c0nst wrote:
Wed Oct 16, 2019 6:41 am
2. If I have few brokerage accounts, does estate tax apply to each account individually? For instance, I have 2 accounts with stocks 50K market value. Would my family pay zero estate tax or (50+50 - 60) * 0.4 = 16K
It is the aggregate (sum) of all your US situs assets that counts for US estate tax purposes. Splitting things into separate accounts of below $60k will not help. Your US estate tax liability here would be on $40k of US assets, so around $11k (rounded).

Given the above then, entirely avoiding US domiciled ETFs and other US investments and using either Ireland domiciled equivalents or ADRs seems sensible for you.

Topic Author
c0nst
Posts: 6
Joined: Mon Aug 05, 2019 8:25 am

Re: Navigating US tax traps

Post by c0nst » Wed Oct 16, 2019 7:46 am

I'm from Ukraine paying taxes in Ukraine. I have an account at IB in USD.
Ukraine has income tax treaty with US (so, I pay 15% to US and that's all), and no estate tax treaty.

My answer to "Navigating US tax traps" is here - https://www.bogleheads.org/wiki/Non-US_ ... x_traps#A4
Last edited by c0nst on Wed Oct 16, 2019 8:15 am, edited 1 time in total.

Topic Author
c0nst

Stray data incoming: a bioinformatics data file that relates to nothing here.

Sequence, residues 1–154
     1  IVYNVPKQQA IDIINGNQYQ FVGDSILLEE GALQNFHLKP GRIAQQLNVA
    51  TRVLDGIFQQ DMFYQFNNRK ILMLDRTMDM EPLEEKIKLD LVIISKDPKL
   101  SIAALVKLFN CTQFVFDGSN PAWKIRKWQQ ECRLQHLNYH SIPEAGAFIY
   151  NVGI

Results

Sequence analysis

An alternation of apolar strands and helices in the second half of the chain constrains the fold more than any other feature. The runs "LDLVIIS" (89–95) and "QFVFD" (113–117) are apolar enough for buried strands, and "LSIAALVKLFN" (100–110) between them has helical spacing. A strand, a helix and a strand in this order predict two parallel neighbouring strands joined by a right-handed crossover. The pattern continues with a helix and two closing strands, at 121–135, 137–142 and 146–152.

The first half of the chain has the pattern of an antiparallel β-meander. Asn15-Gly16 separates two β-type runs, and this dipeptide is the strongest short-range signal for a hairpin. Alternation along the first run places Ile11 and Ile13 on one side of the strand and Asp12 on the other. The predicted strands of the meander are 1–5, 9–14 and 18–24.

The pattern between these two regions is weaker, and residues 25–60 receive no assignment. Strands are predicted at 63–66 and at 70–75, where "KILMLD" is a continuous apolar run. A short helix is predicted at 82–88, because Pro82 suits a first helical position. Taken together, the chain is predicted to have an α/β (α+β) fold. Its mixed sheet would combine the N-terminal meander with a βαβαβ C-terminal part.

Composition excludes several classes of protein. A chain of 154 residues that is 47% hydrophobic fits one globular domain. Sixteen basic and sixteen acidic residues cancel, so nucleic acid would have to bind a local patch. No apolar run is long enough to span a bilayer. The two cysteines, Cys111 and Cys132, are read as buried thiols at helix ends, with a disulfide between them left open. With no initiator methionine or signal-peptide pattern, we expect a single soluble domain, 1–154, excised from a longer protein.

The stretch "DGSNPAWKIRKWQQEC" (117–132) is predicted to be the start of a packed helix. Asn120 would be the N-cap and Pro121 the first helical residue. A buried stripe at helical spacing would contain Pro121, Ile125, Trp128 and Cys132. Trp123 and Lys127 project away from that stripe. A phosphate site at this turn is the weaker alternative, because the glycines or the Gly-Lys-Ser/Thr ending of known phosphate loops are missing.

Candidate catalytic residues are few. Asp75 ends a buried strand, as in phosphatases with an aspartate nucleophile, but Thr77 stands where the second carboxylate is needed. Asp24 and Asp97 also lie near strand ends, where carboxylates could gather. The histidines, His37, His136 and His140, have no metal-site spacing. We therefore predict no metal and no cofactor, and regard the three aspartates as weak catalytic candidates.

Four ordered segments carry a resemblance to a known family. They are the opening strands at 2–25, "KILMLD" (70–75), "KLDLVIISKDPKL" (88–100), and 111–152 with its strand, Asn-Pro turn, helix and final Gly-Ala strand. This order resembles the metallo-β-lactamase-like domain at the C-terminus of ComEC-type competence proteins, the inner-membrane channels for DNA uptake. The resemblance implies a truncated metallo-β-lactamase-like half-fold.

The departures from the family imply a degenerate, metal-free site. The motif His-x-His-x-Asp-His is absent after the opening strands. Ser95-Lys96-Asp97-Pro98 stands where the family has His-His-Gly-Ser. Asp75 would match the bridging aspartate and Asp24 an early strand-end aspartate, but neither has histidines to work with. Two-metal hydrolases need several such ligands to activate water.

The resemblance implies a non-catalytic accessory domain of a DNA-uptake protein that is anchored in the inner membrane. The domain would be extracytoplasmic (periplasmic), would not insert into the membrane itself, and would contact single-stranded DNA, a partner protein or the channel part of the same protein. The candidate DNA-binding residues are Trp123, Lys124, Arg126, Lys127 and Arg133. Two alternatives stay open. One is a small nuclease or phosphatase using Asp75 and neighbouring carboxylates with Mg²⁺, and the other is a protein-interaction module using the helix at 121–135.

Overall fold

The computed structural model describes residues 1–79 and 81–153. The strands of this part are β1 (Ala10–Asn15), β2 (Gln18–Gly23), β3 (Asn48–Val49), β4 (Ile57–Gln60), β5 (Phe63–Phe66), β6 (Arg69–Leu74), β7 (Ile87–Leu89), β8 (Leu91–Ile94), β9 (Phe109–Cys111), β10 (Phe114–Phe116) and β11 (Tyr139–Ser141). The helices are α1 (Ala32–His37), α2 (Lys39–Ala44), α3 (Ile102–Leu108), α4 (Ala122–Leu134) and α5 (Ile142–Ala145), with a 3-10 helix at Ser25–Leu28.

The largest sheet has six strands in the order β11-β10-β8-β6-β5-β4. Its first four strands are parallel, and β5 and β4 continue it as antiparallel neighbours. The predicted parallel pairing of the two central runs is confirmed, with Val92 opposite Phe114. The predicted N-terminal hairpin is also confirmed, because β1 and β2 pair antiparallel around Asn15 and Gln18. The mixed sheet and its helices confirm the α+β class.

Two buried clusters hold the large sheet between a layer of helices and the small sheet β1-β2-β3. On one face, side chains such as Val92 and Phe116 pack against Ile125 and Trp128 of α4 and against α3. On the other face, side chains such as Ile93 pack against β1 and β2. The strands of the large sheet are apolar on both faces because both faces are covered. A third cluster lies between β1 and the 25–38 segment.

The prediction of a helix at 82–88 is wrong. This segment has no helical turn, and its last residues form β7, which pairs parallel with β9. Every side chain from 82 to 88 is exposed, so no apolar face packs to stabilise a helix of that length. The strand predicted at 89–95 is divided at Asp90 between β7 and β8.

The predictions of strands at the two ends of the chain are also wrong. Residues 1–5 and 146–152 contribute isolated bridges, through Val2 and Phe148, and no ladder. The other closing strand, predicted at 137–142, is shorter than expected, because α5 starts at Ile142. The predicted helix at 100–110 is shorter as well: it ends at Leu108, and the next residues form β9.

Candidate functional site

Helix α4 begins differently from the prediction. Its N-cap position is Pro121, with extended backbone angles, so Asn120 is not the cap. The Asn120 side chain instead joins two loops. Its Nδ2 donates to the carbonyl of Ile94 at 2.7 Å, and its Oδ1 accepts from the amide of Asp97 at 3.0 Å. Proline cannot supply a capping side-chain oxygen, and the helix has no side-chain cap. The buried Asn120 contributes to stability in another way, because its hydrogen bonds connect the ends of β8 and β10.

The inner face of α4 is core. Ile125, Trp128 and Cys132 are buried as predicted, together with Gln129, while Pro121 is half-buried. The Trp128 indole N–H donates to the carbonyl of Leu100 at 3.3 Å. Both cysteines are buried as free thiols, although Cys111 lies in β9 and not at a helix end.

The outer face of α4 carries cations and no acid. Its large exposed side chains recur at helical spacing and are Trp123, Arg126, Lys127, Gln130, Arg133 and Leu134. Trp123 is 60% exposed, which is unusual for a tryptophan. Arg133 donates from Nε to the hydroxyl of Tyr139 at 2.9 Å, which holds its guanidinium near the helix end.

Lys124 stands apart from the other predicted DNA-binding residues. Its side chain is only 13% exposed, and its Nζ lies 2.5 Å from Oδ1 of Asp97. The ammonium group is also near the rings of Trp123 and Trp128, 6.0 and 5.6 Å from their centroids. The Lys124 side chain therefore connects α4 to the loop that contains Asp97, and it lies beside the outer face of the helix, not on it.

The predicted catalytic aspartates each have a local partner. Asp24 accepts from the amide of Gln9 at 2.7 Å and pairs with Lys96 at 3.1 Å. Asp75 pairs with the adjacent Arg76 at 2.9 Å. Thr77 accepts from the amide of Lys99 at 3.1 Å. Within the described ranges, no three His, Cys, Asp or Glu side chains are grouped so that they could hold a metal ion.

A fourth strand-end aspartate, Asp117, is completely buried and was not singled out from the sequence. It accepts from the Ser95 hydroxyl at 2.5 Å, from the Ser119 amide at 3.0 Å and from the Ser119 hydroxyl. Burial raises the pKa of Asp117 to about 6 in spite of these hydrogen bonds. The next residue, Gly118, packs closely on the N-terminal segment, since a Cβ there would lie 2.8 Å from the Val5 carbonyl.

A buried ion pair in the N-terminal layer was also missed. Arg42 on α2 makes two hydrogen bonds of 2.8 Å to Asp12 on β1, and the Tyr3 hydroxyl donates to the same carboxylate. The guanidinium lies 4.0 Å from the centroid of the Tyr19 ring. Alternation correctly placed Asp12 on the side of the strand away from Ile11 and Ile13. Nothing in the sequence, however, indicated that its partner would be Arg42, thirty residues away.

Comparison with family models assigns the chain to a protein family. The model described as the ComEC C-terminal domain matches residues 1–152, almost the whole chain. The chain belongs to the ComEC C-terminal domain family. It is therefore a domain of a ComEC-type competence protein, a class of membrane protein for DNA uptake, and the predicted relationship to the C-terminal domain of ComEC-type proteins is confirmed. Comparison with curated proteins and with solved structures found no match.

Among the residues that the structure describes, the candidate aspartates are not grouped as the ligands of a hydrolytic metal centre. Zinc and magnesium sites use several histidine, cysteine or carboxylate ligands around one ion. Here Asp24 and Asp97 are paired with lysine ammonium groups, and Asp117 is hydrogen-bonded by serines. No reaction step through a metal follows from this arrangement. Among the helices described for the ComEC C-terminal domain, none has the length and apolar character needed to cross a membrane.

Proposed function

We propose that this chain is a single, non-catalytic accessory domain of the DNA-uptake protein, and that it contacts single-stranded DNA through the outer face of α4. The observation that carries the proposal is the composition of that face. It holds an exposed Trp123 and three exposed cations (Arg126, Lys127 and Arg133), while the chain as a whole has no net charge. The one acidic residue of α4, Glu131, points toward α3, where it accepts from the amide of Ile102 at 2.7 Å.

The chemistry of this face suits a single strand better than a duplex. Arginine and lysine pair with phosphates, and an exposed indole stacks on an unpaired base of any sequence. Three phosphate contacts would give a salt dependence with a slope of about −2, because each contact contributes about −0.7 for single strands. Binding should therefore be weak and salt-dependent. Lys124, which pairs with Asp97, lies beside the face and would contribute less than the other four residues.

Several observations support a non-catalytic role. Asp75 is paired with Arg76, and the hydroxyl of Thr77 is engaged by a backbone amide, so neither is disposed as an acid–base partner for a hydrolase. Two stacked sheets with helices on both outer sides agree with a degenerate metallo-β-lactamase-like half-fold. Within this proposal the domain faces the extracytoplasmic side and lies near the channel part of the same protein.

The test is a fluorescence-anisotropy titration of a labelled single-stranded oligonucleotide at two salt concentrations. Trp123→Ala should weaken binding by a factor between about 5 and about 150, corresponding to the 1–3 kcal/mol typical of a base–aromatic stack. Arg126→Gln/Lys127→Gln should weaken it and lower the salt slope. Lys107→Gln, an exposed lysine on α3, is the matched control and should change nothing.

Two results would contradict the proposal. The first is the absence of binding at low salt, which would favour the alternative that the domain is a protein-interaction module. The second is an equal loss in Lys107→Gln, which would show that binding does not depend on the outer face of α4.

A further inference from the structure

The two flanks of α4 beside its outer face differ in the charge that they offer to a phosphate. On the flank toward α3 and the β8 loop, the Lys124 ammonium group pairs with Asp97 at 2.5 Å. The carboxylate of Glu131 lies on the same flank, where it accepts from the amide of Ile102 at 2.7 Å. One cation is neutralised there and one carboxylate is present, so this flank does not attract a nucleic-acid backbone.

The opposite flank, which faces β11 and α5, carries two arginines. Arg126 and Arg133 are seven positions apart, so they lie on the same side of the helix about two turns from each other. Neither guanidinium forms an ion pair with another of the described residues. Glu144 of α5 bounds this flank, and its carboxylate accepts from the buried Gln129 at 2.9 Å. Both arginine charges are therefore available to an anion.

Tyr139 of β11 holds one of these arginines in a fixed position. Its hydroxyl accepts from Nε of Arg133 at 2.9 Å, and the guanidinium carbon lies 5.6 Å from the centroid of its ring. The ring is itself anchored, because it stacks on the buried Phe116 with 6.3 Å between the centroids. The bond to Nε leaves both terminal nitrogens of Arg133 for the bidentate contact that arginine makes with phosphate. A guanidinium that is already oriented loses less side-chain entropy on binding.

Posts: 6
Joined: Mon Aug 05, 2019 8:25 am

Re: Navigating US tax traps

Post by c0nst » Wed Oct 16, 2019 7:49 am

TedSwippet, thank you very much for such a detailed answer. Really appreciate your time and effort.

TedSwippet
Posts: 2501
Joined: Mon Jun 04, 2007 4:19 pm
Location: UK

Re: Navigating US tax traps

Post by TedSwippet » Wed Oct 16, 2019 8:04 am

c0nst wrote:
Wed Oct 16, 2019 7:49 am
TedSwippet, thank you very much for such a detailed answer. Really appreciate your time and effort.
No problem. Thanks for dropping by again.

Also, your question on ADRs was an interesting one, and not something I had considered before -- thanks for raising it. When I have a bit of spare time I will add a note on ADRs to the wiki.

Topic Author
c0nst
Posts: 6
Joined: Mon Aug 05, 2019 8:25 am

Re: Navigating US tax traps

Post by c0nst » Sun Nov 03, 2019 5:35 am

Hi again.

I was digging deeper into the topic and I have even more questions )